Had your hair cut lately? Most of us probably can answer that one affirmatively. Use a brush or comb? Well, yeah, of course. Does your hair blow in the wind? Only when it's windy.
Such simplistic questions might have you scratching your head. In real life, the appearance of human hair is edited regularly, either by the elements or by ourselves. It's something so natural, so normal, that we don't even think about it.
Lvdi Wang does, though. That's because Wang, an associate researcher in the Internet Graphics Group at Microsoft Research Asia, has been working for the past year and a half on improving the appearance of hair in digital images, an enormously challenging task in technical terms.
This week, during SIGGRAPH 2013, the 40th International Conference and Exhibition on Computer Graphics and Interactive Techniques, being held July 21-25 in Anaheim, Calif., Wang and his colleagues will be demonstrating their latest progress by delivering a paper called Dynamic Hair Manipulation in Images and Videos, co-authored by Zhejiang University's Menglei Chai, Yanlin Weng, Xiaogang Jin, and Kun Zhou, along with Wang.
The paper outlines a new, single-view hair-modeling technique for generating visually and physically plausible 3-D hair models achieved with only modest user interaction. The work creates hair models that visually match an original input image.
"We proposed a new method for creating a 3-D hair model from just one single photograph or short video," Wang explains. "Such a model contains tens of thousands of individual hair strands and allows the user to manipulate hair in images or videos in a structure-preserving and semantically meaningful way."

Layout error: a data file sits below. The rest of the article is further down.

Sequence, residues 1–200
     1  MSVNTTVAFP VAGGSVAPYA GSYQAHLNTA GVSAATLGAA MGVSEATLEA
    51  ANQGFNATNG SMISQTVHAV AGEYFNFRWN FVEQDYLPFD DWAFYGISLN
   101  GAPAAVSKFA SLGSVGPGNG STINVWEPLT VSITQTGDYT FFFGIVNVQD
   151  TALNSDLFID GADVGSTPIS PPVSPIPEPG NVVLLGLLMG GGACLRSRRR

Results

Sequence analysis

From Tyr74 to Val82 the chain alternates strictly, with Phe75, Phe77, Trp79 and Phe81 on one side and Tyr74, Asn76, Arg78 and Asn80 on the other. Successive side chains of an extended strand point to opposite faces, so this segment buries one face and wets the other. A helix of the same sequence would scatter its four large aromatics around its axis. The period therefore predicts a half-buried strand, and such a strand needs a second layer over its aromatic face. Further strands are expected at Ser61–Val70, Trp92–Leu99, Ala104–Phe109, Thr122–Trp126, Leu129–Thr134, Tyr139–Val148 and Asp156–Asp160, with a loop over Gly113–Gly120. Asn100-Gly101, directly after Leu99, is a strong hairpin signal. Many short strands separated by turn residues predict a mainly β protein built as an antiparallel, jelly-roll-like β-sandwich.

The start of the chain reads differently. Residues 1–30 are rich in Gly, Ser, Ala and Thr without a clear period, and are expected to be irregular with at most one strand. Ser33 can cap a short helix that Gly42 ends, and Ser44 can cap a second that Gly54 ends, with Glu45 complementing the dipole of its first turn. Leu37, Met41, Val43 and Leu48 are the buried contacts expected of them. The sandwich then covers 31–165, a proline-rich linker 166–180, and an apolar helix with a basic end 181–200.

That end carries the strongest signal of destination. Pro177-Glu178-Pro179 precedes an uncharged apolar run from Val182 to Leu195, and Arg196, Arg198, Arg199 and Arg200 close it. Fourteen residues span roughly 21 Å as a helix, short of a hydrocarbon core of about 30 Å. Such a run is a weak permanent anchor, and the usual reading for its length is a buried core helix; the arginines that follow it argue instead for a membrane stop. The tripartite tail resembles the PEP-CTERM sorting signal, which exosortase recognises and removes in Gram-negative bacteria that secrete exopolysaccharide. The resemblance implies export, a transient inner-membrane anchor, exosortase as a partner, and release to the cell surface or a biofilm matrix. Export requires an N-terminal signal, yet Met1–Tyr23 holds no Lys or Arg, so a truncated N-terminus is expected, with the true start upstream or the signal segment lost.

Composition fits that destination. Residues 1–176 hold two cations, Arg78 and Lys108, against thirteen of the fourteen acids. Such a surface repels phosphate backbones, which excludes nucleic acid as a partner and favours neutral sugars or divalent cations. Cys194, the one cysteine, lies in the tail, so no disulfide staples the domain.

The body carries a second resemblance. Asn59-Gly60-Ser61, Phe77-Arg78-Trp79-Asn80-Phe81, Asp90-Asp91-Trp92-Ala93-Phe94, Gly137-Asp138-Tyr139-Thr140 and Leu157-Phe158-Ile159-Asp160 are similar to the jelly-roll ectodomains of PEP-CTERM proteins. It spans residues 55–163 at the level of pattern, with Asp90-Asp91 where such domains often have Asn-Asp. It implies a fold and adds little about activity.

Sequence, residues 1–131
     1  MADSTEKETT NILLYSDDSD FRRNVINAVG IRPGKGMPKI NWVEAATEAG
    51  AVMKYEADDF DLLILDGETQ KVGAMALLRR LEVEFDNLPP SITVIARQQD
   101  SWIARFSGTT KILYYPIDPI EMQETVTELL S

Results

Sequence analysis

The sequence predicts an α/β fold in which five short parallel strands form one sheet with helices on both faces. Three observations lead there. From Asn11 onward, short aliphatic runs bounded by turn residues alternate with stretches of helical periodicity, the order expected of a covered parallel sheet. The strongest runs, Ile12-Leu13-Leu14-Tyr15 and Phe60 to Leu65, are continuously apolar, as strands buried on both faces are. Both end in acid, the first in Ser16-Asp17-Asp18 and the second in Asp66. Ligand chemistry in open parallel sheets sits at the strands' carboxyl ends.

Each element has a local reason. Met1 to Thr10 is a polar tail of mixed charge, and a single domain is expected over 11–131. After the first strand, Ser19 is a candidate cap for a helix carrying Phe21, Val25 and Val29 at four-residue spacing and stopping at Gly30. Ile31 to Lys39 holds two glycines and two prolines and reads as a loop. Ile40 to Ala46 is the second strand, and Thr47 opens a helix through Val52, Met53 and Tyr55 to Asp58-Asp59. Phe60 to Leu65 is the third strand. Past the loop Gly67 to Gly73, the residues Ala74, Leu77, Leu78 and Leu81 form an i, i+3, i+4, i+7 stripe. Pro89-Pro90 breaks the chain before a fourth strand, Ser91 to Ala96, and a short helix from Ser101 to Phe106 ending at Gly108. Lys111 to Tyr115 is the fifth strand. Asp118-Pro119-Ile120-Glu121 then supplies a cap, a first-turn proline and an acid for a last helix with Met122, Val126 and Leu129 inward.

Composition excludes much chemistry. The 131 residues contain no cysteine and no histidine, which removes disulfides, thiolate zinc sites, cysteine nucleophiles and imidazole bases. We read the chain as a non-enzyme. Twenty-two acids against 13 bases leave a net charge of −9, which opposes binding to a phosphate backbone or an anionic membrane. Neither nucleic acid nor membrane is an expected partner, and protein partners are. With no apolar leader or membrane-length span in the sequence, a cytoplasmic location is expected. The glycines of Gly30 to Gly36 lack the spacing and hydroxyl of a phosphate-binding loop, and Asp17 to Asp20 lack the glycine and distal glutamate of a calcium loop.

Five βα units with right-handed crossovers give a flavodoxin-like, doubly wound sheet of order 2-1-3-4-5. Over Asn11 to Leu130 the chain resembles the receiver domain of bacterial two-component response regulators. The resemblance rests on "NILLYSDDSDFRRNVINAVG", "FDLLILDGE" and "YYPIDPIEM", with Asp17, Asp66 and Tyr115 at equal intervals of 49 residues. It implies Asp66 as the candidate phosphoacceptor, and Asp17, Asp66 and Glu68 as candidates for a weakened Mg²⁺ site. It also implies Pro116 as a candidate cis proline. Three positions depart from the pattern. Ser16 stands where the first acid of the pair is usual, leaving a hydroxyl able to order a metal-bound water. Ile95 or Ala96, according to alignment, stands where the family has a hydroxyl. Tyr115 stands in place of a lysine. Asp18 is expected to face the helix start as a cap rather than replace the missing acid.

In the real world, even a slight alteration to a person's hair can expose new strands of hair, while others can become blocked from sight. A new image of the same person thus would not include a direct correspondence, at the pixel level, to the original.
Recent research on 3-D-aware image manipulation—including the SIGGRAPH 2012 paper Single-View Hair Modeling for Portrait Manipulation, by Chai, Wang, Weng, Yizhou Yu of the University of Hong Kong, Baining Guo of Microsoft Research Asia, and Zhou—proves that, by fitting proper 3-D proxies to objects of interest in such photos, semantically meaningful operations are possible that are almost impossible in the 2-D domain.
In the latest paper, the researchers apply the principal of "physical plausibility," in which hair roots are fixed in the scalp of the person in an image, it remains smooth instead of exhibiting sharp bends, and the length and continuity of real strands of hair are preserved to the extent possible.
The user provides a few strokes atop in the original portrait, and the technology delivers a high-quality model possessing both visual fidelity and physical plausibility to enable effects of alternative combing strategies or motion-preserving hair replacement in video. Alternatively, a couple of deft strokes on the original results in a virtual haircut.
"To get the correct hair-editing results," Wang says, "we must make sure the 3-D hair strands are indeed grown from the scalp of a 3-D hair model, so that when the user moves the head or combs the hair, the hair roots are always fixed on the scalp.
"This is the key to making 'dynamic' hair manipulation—changing the shapes of individual strands—possible. It also is one of the main technical challenges we have tackled."
Wang and colleagues also have extended their model to address simple video input and generate dynamic 3-D hair models, enabling users to manipulate hair in a video or to transfer styles from images to videos.
"We are excited about the potential of our techniques to directly benefit a wide range of users," Wang concludes. "This is due to the fact that, compared with traditional multiple-image-based solutions, our method dramatically reduces the requirements for the capture device, whether it is a hardware setup in a lab or a built-in camera in a user's smartphone."
Soon, it seems, it might not even be necessary to visit a hairdresser when you want to polish your social-media likeness. A few swipes to the image or video, a bit of computation, and you'll be looking better than ever!
Explore further: Researchers invent system for 3-D reconstruction of sparse facial hair and skin